Marcio Gomes is describing the life of his six-year-old son Logan. He remembers the heady days after his premature birth: the nappy changes and sleepless nights as he “rediscovered the profound joy of parenthood”, witnessing Logan’s first yawns and “first glimpses of sunlight flooding through the window”.
He smiles as he remembers his son’s first birthday party. Logan, pleased to have the attention, sticking his little hands right into the middle of his birthday cake, creating a “sticky, sweet masterpiece”.
He remembers the first day of nursery, when Logan, with a backpack nearly as big as him, said goodbye to his parents, “his eyes fluctuating between trepidation and excitement as he took his first independent steps beyond our protective embrace”.
He tells how Logan grew “in the blink of an eye”, the magic of bedtime stories, the drawings onto the fridge in their flat in Grenfell Tower and his pride as Logan scored his first goal for the local football team.
“The house echoed with laughter on his sixth birthday, with celebrations of our little boy, who had turned our world into a beautiful story,” he says.
Here is the gut punch, though. None of this really happened.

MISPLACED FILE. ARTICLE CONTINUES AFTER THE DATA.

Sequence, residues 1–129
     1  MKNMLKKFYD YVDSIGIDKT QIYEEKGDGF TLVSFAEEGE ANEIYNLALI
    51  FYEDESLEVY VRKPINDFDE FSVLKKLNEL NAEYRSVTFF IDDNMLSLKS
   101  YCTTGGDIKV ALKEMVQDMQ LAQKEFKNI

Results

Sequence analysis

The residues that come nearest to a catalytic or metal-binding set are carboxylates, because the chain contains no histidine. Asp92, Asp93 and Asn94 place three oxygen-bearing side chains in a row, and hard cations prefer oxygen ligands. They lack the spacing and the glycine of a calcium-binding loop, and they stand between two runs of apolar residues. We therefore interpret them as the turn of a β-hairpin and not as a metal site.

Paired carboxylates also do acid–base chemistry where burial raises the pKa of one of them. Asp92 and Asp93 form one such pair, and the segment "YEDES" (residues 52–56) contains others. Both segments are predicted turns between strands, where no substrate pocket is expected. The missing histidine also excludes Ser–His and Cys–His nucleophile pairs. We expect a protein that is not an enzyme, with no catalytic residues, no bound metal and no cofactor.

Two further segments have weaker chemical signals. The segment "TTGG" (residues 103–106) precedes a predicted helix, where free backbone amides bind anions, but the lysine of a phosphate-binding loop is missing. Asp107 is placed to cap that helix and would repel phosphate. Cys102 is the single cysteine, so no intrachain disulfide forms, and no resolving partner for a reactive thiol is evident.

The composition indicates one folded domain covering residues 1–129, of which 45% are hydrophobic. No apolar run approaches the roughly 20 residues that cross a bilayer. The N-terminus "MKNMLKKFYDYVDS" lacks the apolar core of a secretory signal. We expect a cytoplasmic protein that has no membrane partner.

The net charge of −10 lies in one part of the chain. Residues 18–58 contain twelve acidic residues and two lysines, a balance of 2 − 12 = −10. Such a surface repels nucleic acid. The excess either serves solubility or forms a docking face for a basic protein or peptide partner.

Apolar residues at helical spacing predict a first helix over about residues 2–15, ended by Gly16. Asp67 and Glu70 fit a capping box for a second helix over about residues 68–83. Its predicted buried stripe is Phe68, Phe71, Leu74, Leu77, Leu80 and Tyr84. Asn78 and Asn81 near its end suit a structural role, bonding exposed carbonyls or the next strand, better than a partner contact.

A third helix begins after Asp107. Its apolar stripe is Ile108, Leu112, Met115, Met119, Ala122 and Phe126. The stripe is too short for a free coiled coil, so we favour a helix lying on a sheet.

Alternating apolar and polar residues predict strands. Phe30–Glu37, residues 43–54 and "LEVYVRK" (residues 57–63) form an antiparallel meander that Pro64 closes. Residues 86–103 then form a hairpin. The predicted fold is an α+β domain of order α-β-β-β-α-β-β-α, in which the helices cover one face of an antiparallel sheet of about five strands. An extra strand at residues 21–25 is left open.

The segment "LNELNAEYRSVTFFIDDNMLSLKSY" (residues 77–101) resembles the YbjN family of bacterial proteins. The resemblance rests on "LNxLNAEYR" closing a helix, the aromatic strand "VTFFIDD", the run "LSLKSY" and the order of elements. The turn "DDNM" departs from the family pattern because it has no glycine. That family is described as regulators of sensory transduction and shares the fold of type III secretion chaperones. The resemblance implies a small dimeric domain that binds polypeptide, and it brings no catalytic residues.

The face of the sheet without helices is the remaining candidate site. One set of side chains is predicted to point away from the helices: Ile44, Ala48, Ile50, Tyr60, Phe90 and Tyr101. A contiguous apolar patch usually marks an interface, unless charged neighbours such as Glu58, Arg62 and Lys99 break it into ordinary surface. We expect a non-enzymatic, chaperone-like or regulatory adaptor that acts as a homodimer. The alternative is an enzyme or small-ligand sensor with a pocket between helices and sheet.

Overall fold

Instead, Logan died in his mothers womb on 14 June 2017, the youngest of the 72 victims of the fire, as the family fled the 21st floor flat they had been told to stay put in for more than two hours as the blaze raged around them and their chance to escape disappeared.
Turning to representatives from 22 companies and organisations involved in the long series of catastrophic acts of negligence, greed and carelessness which led to the fire, Marcio said: “This is what Logan’s life would have been. This is what our lives would have been.
“Except, it would have been even better because Logan would have lived, and in living, even more full of life and more himself that I have been able to conjure him up. This is what you have taken away from me.”
Marcio’s was the first speech of Grenfell Testimony Week, an event held last week in central London where the defendants to a civil claim relating to the fire were invited to hear from any of the claimants who wanted to speak to them about the consequences of their actions. The purpose, as legal mediator David Neuberger described it, was to move people “from being unheard to heard, invisible to visible and unacknowledged to acknowledged”.
The list of defendants includes central government, the Royal Borough of Kensington and Chelsea, the London Fire Brigade, a plethora of companies involved in the refurbishment of the tower and Arconic, Kingspan and Celotex – the manufacturers of the combustible cladding and insulation materials fitted to its walls.
This week they (or their legal representatives) were silent and stoney faced as they sat in the circular hall at the headquarters of the Church of England to hear from the victims of these failures. Only Arconic, which sold the combustible cladding despite being aware of its devastatingly poor fire performance, refused to send anyone to take part. (In a statement, the company said it made a “substantial financial donation” towards the event.)